“Inequity Aversion Differences: Experimental Evidence Among Prospective Teachers and Lawyers”. Charla de Maria (Cuky) Perez

Tuesday, 28 August, 2012 | CALENDAR, EVENTS

Wednesday, 5 de September, 2012

(spanish version only)

Maria (Cuky) Perez, es profesora de políticas públicas en la escuela de gobierno de la Universidad de Washington (Evans School of Public Affairs). Completó su doctorado en Economía de la Educación en Stanford en el año 2012. Se recibió de economista en la Universidad Catolica, y completó un MA en Economía en Stanford. Su disertación se centró en el estudio de los efectos teóricos y empíricos del pago por desempeño a profesores.

CHARLA “Inequity Aversion Differences: Experimental Evidence Among Prospective Teachers and Lawyers”.

Cuándo: Miércoles 05 de septiembre 13:00 hrs.

Dónde:  Sala Penal, UDD Campus Ernesto Silva Bafalluy, Av. La Plaza 680, Las Condes

Idioma: Español


Abstract: Merit pay for teachers is one of the most contentious issues in the K-12 education policy arena. Proponents of merit pay suggest that rewarding teachers for student gains will improve the quality of the teacher workforce. The literature has focused largely on how merit pay affects teacher motivation, and has not investigated the mechanism through which merit pay would change the composition of the teaching force. Presumably, merit pay systems result in highly effective teachers receiving higher pay than ineffective teachers, encouraging the desired pattern of retention and turnover. In addition, it is argued that tying pay to performance will attract new individuals to enter the profession who would not have otherwise done so under the uniform salary scheme, generating a larger pool of teachers from which to hire. These theoretical predictions rest on the basic assumption that highly effective teachers are neutral when it comes to their preferences for uncertain and competitive pay schemes, and are not averse to unequal outcomes among their peers. In this study, I conduct a framed field experiment to investigate how risk aversion, inequity aversion and preferences toward competition differed among highly effective prospective teachers and lawyers. I find that prospective female teachers and lawyers do not differ in their level of risk aversion. However, female teachers had a much stronger aversion to inequity and were less likely to generate a competitive environment than female lawyers that were planning a career in private practice. Interestingly, there were no statistical differences between prospective female teachers and lawyers who planned careers in public practice.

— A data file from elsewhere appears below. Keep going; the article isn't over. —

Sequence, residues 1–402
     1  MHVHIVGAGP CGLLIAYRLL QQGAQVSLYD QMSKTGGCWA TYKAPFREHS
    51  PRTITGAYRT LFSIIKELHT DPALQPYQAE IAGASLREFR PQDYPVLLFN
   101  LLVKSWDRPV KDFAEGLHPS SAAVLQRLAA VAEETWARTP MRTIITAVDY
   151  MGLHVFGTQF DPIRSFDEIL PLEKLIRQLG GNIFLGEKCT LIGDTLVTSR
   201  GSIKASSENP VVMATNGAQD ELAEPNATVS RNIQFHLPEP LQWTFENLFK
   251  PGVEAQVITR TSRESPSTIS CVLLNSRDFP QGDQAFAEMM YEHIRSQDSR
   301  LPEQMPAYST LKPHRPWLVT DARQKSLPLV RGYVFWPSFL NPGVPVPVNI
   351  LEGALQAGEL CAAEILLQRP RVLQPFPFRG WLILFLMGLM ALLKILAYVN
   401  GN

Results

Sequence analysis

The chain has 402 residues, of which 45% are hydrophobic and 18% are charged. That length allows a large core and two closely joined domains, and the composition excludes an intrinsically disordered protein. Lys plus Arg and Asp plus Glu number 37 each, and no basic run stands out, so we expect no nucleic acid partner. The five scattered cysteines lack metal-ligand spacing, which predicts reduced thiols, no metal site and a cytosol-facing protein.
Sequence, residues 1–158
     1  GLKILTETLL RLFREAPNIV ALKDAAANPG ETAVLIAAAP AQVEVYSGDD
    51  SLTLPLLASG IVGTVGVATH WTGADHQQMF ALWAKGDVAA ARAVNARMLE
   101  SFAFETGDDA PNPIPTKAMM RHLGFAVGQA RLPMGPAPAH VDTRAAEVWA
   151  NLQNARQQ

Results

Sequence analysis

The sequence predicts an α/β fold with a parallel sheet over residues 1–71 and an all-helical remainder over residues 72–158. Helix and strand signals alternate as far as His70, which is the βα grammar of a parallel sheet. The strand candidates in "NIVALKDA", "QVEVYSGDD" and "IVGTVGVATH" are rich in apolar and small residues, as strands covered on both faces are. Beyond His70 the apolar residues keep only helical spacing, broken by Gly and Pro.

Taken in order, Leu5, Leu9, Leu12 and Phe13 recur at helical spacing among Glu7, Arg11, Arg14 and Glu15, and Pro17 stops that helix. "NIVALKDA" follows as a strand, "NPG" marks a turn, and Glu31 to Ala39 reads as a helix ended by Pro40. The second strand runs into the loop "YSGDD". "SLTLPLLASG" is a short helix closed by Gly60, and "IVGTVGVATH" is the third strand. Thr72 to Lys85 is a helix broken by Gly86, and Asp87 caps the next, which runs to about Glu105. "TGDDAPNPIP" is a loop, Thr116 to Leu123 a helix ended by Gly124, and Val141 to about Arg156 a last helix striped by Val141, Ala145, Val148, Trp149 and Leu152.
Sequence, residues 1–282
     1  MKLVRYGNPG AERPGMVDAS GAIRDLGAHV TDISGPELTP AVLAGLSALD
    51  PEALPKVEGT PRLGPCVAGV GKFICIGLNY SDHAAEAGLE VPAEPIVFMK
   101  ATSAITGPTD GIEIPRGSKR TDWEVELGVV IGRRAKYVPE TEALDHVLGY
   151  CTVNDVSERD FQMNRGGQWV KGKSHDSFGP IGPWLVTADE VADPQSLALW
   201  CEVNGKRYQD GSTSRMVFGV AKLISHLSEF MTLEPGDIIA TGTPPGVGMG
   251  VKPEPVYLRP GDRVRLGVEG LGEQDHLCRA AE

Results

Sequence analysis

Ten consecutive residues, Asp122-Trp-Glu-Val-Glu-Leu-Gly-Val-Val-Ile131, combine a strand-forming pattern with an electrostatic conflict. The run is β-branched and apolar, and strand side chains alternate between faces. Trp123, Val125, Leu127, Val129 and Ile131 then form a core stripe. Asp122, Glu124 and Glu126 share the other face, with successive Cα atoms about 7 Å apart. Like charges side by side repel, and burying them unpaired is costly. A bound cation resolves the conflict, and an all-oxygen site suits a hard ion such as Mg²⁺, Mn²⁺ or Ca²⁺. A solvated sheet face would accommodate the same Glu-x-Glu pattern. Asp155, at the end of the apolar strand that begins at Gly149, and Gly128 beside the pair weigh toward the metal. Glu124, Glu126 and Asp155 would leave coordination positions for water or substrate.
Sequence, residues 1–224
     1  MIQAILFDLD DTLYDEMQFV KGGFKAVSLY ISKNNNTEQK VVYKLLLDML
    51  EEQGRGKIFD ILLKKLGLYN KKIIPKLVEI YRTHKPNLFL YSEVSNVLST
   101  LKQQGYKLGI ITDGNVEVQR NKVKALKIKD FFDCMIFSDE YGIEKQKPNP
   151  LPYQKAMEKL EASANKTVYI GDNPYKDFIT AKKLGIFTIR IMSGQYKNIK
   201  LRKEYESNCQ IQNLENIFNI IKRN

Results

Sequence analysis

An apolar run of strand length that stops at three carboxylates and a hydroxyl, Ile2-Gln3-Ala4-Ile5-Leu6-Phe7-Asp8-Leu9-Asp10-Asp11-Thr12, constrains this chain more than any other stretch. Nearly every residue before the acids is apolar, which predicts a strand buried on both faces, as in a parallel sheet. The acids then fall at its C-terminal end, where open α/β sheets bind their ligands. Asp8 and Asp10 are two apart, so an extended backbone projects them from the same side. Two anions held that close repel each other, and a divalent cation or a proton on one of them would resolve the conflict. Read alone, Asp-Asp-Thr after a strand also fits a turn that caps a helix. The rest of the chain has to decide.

Link: http://www.stanford.edu/~cuky/